Think about how you've done inequalites on the number line. For instance, they'd ask you to graph something like x > 2. How did you do it? You would draw your number line, find the "equals" part (in this case, x = 2), mark this point with the appropriate notation (an open dot or a parenthesis, indicating that the point x = 2 wasn't included in the solution), and then you'd shade everything to the right, because "greater than" meant "everything off to the right". The steps for linear inequalities are very much the same. •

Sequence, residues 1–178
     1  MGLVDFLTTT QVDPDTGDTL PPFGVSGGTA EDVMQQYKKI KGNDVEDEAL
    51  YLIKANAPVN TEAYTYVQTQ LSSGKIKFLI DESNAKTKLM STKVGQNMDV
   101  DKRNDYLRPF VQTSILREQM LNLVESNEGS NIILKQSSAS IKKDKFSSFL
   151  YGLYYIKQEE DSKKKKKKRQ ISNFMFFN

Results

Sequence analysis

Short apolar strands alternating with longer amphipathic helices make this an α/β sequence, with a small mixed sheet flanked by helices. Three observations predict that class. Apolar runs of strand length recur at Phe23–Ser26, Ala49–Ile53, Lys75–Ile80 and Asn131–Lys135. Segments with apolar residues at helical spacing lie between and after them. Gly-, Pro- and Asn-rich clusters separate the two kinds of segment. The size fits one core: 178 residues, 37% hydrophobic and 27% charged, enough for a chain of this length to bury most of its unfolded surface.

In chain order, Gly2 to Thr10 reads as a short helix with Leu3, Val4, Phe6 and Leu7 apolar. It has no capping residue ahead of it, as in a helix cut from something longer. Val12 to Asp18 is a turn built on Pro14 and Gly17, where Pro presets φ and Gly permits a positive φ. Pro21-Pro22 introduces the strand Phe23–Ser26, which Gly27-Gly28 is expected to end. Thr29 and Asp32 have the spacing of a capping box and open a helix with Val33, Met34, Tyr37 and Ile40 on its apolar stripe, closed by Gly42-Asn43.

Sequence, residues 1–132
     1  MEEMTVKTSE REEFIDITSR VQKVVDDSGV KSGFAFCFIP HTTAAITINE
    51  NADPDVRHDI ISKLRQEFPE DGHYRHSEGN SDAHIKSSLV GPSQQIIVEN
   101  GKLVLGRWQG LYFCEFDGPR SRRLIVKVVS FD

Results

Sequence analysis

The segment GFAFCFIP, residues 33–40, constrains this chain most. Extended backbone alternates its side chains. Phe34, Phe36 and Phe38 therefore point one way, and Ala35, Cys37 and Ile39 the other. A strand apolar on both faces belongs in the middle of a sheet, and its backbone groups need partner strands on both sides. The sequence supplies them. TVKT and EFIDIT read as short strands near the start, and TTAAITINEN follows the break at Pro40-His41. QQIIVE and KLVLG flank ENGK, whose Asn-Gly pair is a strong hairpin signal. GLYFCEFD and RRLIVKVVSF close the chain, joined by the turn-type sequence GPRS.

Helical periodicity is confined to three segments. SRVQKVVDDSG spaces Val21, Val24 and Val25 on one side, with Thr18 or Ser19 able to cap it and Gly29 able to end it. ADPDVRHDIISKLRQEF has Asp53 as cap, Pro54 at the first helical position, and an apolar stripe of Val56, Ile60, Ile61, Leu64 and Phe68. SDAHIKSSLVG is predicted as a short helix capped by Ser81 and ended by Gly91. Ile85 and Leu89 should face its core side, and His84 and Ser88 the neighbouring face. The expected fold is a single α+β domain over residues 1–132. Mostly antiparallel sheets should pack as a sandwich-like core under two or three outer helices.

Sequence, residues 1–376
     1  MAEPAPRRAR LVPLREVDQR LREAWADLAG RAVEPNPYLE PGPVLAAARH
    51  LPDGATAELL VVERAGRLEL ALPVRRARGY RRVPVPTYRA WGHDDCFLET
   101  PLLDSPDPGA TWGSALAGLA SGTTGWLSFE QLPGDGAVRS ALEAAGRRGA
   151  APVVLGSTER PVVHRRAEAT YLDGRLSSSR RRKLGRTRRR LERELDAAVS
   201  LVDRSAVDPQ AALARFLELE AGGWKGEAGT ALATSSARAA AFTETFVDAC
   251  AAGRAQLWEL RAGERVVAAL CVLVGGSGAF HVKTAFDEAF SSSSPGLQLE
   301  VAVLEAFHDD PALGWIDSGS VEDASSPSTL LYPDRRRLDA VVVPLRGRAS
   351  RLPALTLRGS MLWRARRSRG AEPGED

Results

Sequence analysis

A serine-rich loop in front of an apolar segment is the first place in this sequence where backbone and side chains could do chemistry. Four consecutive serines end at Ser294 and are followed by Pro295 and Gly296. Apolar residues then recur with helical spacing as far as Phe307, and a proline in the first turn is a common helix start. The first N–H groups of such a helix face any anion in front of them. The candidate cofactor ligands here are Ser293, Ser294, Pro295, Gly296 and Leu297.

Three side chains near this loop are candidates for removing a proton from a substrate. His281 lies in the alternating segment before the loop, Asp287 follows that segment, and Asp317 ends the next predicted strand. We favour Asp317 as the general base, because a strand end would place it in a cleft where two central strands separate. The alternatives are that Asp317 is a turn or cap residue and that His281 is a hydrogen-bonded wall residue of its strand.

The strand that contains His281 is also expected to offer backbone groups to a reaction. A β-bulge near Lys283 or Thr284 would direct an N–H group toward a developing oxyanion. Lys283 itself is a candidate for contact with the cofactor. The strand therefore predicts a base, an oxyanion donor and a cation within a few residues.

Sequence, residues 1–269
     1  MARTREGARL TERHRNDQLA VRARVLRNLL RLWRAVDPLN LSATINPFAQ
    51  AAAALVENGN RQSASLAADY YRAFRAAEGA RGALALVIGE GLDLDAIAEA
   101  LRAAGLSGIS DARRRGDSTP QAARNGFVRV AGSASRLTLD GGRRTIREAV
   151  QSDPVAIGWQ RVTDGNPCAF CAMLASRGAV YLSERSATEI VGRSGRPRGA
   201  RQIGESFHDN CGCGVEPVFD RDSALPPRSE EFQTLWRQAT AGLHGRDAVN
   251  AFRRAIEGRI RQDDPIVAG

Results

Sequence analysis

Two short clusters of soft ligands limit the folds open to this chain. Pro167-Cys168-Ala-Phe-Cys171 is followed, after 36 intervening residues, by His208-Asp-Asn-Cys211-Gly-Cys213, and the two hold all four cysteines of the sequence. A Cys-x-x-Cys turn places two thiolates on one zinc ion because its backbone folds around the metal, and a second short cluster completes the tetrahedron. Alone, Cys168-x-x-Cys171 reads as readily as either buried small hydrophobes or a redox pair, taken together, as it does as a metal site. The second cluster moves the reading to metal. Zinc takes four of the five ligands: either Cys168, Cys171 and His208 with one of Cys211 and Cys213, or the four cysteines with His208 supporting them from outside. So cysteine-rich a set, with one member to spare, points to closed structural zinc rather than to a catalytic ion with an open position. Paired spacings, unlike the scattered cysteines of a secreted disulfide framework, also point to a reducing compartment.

Graph the solution to y < 2x + 3. Just as for number-line inequalities, the first step is to find the "equals" part. In this case, the "equals" part is the line y = 2x + 3.
Try to graph these inequalities in your book; X < 7 X > 2 Y < x + 3 Y > x 3